And I was a stand-up guy.  My friends brought me into a studio in Southern California.  They said “hey, you’re good on your feet, but let’s see you roll with one of these Jiu-Jitsu guys.”  And I rolled around with one and holy crap, I mean literally, a kid, fifteen, sixteen years old, just rolled me up into a pretzel.  And I was hooked.

JT:  Had you done martial arts previously?  You talked about having a really athletic upbringing.

MG:  I did Taekwondo, and dabbled in a bit of kickboxing.  I was alright.  I wasn’t the best in the world or anything.  You can be as good as you want in Taekwondo, but that’s like getting gold in the Special Olympics.  You’re still retarded.

JT:  Did you start out as a fighter and then get hooked up with TapouT, or what were the early days of your MMA career?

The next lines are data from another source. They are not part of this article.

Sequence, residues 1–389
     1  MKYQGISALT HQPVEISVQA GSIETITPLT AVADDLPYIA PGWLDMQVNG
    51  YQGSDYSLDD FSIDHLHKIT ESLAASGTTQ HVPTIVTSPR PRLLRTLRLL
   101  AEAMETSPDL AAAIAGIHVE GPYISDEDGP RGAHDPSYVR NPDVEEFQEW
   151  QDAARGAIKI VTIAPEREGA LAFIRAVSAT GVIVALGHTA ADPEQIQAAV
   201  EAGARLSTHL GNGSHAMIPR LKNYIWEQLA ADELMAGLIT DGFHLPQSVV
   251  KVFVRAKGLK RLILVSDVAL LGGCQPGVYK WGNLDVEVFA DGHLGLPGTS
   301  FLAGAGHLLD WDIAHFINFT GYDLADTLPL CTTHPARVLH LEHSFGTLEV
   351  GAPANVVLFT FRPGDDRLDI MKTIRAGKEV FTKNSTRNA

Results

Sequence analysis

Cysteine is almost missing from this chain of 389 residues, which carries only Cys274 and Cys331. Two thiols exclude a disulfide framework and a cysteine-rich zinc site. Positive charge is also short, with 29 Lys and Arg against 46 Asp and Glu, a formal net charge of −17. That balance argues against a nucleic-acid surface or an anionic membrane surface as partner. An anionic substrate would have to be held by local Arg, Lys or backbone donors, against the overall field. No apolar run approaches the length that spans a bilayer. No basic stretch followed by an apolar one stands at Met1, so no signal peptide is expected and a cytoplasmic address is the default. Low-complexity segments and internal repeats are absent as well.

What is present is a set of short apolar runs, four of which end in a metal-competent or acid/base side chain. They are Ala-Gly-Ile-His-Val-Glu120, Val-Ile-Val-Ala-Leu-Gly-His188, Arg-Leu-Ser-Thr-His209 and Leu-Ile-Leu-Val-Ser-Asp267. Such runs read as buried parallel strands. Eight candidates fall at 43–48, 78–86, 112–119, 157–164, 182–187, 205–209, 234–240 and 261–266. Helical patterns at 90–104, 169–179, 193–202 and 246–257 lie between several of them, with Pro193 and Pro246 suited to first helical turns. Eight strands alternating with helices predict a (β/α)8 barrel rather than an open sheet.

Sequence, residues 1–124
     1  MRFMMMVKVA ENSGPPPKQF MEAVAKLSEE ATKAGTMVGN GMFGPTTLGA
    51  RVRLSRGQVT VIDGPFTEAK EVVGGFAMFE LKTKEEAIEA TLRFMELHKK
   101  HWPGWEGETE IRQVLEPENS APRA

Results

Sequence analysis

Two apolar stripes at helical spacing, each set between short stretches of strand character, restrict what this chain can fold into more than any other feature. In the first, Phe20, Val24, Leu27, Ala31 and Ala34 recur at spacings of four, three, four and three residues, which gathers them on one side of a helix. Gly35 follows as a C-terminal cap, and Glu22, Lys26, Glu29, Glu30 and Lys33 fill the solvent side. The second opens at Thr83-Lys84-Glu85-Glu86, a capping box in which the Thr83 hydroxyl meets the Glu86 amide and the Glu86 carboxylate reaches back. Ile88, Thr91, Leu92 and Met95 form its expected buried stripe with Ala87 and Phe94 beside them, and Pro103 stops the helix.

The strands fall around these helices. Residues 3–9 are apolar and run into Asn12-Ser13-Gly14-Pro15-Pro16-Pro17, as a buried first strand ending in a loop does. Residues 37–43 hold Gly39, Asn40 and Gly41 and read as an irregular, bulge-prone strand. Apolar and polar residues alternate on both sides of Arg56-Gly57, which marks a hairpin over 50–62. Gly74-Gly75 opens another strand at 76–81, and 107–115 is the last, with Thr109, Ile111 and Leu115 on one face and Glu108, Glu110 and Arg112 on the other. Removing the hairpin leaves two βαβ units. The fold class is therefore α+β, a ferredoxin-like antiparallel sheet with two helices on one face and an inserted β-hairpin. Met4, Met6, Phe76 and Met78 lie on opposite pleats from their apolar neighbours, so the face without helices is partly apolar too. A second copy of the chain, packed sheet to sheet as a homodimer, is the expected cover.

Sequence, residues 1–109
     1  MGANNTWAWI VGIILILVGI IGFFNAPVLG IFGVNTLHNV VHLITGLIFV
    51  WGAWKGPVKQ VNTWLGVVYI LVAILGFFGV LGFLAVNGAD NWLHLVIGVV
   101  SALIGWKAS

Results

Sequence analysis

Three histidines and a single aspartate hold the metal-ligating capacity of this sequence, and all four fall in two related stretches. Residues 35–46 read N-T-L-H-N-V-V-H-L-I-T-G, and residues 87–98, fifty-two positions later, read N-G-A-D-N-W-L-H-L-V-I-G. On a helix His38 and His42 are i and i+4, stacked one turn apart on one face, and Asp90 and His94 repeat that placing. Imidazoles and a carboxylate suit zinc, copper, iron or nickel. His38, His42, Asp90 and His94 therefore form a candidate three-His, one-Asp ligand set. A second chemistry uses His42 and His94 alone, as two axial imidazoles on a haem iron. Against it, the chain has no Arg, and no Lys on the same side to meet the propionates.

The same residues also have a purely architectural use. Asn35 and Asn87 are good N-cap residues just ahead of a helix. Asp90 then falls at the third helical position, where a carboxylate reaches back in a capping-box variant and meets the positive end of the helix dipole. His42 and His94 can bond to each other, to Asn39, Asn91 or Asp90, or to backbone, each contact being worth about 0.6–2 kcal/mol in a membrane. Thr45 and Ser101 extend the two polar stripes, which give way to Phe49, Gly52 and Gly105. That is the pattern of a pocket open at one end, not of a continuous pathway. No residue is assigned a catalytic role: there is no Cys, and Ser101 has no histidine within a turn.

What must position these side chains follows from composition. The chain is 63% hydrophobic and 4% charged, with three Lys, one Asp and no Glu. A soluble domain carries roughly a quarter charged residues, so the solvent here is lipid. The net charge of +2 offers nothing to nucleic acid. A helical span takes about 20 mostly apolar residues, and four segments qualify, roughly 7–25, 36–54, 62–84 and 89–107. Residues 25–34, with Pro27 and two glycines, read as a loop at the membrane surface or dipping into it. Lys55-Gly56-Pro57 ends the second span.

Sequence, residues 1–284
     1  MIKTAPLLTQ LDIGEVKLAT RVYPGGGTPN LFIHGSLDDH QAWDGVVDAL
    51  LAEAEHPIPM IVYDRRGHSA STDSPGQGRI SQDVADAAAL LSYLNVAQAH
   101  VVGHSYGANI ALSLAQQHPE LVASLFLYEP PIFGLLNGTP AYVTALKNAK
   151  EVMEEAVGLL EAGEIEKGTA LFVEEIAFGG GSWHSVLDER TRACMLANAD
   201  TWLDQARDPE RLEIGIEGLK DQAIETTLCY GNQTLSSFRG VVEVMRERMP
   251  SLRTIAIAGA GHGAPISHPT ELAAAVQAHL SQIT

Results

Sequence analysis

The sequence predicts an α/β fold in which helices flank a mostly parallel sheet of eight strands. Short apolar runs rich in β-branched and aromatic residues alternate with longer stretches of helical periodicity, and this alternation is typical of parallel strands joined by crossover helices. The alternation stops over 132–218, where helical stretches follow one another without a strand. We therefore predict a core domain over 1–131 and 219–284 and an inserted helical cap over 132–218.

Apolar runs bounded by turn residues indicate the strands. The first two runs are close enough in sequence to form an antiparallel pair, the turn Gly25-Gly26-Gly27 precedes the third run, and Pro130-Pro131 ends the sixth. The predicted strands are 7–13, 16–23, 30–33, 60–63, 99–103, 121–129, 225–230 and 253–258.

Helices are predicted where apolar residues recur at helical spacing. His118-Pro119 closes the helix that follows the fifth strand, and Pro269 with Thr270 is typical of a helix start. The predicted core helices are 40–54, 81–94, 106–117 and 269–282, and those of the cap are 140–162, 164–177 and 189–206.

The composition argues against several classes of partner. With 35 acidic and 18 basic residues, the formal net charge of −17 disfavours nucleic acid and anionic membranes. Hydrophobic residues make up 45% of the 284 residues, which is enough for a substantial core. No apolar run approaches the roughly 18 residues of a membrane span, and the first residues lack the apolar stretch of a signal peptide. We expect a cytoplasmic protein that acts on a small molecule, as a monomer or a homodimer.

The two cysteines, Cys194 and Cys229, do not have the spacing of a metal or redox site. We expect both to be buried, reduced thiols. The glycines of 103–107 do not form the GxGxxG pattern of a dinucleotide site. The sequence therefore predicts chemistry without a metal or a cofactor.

MG:  Shoot, I was just training, loved training, loved doing the Jiu-Jitsu, loved doing the striking and putting it together and trying to improve.  One day, I was over at some fights in Long Beach.  No gloves, no rules kind of fights – how it was when it first started out.  Thugs.  We were just out there street fighting, basically, in a cage with a referee.  One guy dropped out, and they were like “hey man, you’re freaking killing everybody in class. Why don’t you try it?”  I just had something to prove to myself so I went in there and did it.  And I did pretty well, so I stuck with it.

I always said every fight would be my last, and I still say that to this day.  I’m like “oh yeah, one more fight and I’m done.”  And it’s going like that for ten years.  I guess I’ve turned it into something.